PDQ played on custom mat
PDQ played on custom mat (mat coming soon)

Since the first campaign was such a success, Jeff returned to Kickstarter for Don’t Go Alone, an expansion to PDQ. Don’t Go Alone recently finished its campaign with funds 200% over its original goal totaling $22,000+ and showing that there’s a substantial market for independent games. Now in production with Breaking Games, Jeff says Don’t Go Alone will be available to buy this Fall, 2016.

In addition to sending copies out to campaign pledgers, Jeff has distributed PDQ locally. Squire Greene at Book and Music Exchange in the Highlands said that he’s carried the game for about eight months, and it has sold moderately well. Jeff has plans to distribute both games on a broader scale in the future:

“I am so grateful for the small shops that took the chance to carry a couple copies of my game—[some] quickly found that they needed to come back for reorders. There are more [development and distribution] plans in the works, but those will remain a surprise for the time being!”

Don't Go Alone cover art
Don’t Go Alone cover art

Kickstarter has been a great platform for independent tabletop creators, sporting a healthy community of gamers willing to pledge money to make games. Other locals, including Wet Ink Games who we featured previously, have also succeeded in funding their games through Kickstarter. Jeff said that found great support and good feedback on Kickstarter, and he also learned a lot about marketing games during both campaigns. But he cautions that creators with big dreams should begin small:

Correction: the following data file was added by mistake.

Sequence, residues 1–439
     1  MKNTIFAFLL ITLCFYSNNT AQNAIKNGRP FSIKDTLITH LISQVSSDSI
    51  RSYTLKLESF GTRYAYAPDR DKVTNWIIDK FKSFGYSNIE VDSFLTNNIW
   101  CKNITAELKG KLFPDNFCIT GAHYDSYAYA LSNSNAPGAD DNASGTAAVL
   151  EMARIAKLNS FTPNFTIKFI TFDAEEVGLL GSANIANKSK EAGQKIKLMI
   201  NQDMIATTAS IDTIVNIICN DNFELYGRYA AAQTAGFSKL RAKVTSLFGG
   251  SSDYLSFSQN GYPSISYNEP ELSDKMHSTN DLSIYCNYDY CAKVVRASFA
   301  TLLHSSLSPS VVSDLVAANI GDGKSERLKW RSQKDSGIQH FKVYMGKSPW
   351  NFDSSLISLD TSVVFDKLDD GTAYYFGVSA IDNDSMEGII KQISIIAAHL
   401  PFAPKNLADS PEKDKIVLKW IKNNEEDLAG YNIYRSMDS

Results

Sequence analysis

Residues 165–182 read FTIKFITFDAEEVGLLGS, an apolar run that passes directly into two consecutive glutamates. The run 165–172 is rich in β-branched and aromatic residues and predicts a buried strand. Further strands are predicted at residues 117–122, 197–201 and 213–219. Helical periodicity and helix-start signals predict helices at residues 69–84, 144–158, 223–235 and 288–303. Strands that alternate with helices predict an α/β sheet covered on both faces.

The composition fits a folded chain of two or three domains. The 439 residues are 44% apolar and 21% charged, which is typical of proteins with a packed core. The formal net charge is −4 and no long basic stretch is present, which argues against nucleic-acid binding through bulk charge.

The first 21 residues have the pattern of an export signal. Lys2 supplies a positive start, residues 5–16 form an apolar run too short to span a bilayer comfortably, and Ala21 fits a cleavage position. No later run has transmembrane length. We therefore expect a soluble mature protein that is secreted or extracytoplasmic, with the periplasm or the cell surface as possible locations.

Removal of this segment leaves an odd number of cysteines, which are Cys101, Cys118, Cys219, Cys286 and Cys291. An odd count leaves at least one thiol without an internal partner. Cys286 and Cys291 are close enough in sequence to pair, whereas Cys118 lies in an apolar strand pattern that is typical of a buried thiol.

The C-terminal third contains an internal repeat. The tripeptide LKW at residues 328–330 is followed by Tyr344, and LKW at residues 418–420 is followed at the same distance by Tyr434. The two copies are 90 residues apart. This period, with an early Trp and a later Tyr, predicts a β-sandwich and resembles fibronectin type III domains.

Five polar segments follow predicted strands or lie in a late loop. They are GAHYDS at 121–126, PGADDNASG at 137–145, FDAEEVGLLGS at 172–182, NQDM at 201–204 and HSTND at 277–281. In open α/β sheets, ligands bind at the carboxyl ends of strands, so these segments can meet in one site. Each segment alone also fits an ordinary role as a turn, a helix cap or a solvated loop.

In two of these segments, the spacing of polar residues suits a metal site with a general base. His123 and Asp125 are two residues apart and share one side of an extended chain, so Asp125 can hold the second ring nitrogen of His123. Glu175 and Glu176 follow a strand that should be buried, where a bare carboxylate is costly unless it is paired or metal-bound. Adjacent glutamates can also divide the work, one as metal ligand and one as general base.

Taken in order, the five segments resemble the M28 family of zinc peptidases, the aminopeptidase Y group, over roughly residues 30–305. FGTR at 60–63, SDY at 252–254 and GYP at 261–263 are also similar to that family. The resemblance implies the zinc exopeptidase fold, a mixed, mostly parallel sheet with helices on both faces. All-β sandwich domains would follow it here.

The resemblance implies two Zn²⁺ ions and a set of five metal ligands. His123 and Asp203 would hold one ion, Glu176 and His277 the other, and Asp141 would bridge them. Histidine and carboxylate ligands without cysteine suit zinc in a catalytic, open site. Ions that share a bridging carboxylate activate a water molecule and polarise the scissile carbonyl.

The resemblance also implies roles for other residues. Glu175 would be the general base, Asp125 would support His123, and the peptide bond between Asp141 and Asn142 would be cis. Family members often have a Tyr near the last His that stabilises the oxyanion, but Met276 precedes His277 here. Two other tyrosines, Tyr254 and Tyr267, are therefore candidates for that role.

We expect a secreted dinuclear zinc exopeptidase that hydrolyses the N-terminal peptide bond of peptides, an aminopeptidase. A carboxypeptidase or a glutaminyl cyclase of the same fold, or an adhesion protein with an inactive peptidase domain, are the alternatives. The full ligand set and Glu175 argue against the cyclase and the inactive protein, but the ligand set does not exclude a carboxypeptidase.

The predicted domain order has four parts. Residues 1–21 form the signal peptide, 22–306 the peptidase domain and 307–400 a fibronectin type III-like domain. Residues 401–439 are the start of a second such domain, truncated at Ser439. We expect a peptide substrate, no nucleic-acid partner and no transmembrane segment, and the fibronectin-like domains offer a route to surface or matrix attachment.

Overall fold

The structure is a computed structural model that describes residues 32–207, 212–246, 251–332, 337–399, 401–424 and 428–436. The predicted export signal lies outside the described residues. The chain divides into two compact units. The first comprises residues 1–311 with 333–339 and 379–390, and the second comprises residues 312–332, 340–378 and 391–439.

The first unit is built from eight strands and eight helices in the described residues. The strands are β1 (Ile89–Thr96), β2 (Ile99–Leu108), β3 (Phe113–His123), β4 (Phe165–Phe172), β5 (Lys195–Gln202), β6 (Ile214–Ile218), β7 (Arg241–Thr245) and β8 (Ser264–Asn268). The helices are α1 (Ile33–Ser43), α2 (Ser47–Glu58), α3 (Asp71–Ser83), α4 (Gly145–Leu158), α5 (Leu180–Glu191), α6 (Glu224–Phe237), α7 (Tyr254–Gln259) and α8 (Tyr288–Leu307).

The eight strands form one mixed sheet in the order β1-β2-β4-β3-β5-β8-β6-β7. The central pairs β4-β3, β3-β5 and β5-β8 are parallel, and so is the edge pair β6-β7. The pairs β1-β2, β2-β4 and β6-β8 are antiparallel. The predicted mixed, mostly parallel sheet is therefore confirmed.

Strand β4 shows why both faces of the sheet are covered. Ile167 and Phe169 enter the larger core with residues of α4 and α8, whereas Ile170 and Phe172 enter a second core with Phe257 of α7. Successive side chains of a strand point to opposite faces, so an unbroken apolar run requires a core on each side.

“I have spoken with too many indie developers who believe they have created the next Magic: The Gathering. There is nothing wrong with aiming high, but at some point you have to bring your ideas back down to the real world. Games like Magic: The Gathering have had decades to improve, expand and perfect. Your first game will never be the next Magic. Start small, start simple. If that succeeds, then expand it. A good test is to hand your game with instructions to complete strangers. If they can figure it out without you guiding them, then you might be on to something!”

Jeff’s success while living in Louisville has made a positive impression on him. While we weren’t able to reach any local gamers who’ve played PDQ to get their impressions, speaking with Jeff about the game definitely piqued our interest. Although no community that I know of is ultimately large enough to fully support game making, Jeff’s journey with PDQ shows that having the support and feedback of local players is essential. In his words:

“I see the local gaming community embracing more indie games, and welcoming the new developers. I for one certainly appreciate that!”

Check out some additional concept art for Pocket Dungeon Quest and Don’t Go Alone in the gallery below: